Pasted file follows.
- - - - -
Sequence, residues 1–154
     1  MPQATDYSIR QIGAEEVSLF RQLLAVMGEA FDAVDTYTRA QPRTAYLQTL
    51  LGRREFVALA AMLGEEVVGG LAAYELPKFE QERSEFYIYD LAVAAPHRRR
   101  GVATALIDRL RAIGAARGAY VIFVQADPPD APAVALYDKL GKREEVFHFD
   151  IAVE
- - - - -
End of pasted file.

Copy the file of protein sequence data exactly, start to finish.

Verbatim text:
Sequence, residues 1–154
     1  MPQATDYSIR QIGAEEVSLF RQLLAVMGEA FDAVDTYTRA QPRTAYLQTL
    51  LGRREFVALA AMLGEEVVGG LAAYELPKFE QERSEFYIYD LAVAAPHRRR
   101  GVATALIDRL RAIGAARGAY VIFVQADPPD APAVALYDKL GKREEVFHFD
   151  IAVE